War, peace, and news aside, there are some unchanging verities at the briefing room, which was a swimming pool until President Nixon filled it with words.
There are only 48 beige and blue movie seats for regulars, with media names stamped in brass. The overflow crowd hunkers down or plasters itself against the walls, between the cables, stepladders, tripods, and other impedimentia of news.
Battalions of cameras line the rear of the room, where four TV sets are always on. Dozens of TV ceiling lights flood the room with artificial brightness.
The teal-blue rug is covered with old newspapers, snack and candy bar wrappers. The media, like the army, travels on its stomach, and there are intense pre-briefing negotiations on chicken soup with curry vs. pizza or eggs rolls for lunch.
And there's always the tough, wisecracking humor of the press.
``What do you hear from ``Lawrence of Arabia?'' one reporter asks about another.
The press corps, too, is now checked through intensified security. At the White house Press gate, reporters and crews have to show their press passes face-side-up before they are clicked in through the iron gate. Or out. Inside the security booth, there is a heightened air of tension as even regular card holders go through metal detectors and have their bags searched by hand.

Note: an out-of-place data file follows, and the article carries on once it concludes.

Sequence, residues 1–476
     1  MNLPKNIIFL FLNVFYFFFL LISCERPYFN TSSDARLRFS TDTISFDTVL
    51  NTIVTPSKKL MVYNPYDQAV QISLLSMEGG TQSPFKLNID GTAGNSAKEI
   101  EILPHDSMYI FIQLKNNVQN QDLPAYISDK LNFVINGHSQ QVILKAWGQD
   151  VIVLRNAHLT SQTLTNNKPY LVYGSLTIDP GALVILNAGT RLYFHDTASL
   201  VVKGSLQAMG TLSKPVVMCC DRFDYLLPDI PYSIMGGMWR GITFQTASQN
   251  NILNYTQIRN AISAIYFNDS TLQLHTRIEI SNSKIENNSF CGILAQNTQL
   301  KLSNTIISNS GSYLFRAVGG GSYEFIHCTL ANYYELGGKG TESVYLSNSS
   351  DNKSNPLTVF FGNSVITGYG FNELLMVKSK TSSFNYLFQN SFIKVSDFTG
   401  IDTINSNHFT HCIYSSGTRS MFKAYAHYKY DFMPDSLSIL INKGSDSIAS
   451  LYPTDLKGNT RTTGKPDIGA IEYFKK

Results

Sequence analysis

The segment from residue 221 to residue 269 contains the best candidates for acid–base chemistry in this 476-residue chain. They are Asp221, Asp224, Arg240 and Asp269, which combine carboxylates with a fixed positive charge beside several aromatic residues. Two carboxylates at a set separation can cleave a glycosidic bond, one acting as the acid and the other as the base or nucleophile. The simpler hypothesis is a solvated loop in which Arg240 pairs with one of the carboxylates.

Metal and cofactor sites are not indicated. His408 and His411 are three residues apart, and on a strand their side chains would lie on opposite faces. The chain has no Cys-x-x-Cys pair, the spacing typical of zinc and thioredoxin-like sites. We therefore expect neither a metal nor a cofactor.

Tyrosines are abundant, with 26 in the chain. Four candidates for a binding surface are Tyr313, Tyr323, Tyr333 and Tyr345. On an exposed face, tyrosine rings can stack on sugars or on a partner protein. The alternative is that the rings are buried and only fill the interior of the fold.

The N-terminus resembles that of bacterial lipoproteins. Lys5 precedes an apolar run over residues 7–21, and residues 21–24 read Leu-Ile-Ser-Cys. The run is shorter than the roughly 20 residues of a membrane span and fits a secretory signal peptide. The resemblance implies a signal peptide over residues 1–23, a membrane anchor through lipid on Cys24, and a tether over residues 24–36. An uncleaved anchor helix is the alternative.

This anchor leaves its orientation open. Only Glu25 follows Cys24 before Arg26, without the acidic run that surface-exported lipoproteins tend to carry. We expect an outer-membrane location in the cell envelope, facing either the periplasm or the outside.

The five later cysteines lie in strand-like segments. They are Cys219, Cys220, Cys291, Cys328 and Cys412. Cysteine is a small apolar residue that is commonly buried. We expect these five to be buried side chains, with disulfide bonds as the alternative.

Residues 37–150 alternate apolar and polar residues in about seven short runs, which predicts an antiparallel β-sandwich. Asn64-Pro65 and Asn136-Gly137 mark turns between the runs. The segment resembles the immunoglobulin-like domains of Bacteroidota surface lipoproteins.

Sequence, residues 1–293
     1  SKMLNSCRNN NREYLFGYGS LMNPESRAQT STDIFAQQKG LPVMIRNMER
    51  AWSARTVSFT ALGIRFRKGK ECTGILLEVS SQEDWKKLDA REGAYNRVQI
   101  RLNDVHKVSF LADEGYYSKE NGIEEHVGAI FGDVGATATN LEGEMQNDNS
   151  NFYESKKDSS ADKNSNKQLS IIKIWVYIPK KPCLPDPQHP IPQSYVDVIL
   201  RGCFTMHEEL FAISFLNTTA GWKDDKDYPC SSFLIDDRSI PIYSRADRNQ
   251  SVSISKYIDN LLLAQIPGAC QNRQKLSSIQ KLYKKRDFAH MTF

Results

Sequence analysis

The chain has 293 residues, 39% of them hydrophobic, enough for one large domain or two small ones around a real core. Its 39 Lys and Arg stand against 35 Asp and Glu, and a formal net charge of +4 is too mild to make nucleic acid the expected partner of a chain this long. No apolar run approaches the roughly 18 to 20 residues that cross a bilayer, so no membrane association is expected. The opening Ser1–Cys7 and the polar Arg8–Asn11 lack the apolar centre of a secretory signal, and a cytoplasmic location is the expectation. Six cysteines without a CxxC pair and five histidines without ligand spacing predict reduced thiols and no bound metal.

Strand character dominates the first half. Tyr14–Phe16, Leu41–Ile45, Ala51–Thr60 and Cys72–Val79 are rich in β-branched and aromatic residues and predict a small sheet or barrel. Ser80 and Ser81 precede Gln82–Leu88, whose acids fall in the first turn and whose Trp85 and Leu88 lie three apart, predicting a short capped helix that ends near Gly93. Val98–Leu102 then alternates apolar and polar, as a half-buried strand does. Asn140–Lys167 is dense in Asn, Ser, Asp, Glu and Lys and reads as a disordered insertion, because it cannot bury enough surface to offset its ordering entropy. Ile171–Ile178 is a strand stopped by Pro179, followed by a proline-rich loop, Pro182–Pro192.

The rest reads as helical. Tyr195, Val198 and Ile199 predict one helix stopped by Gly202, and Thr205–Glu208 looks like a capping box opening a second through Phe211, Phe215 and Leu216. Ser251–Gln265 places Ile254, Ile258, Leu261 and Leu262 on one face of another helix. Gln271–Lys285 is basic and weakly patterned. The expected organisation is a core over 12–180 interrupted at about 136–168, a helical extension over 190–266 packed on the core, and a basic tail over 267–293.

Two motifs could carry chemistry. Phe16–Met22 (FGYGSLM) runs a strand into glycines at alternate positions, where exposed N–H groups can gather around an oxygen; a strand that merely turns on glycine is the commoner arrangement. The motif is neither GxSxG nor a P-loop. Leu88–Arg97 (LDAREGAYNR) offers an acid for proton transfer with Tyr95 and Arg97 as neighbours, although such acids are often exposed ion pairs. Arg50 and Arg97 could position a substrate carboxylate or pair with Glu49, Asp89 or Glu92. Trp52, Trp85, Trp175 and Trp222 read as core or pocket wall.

Down the road to the briefing room, there is a patch of green lawn to the right of the White House, where which looks like a media yard. nearly a dozen striped beach umbrellas are tilted over TV cameras to protect against the elements when TV stand-ups are done.
There are tripods, step ladders, long snakes of red, green, grey, and black cables.
Inside the briefing room, the outside is sealed off, except when the door opens, and you can hear the almost ceaseless war protests drums beating almost ceaselessly in Lafayette Park across the street.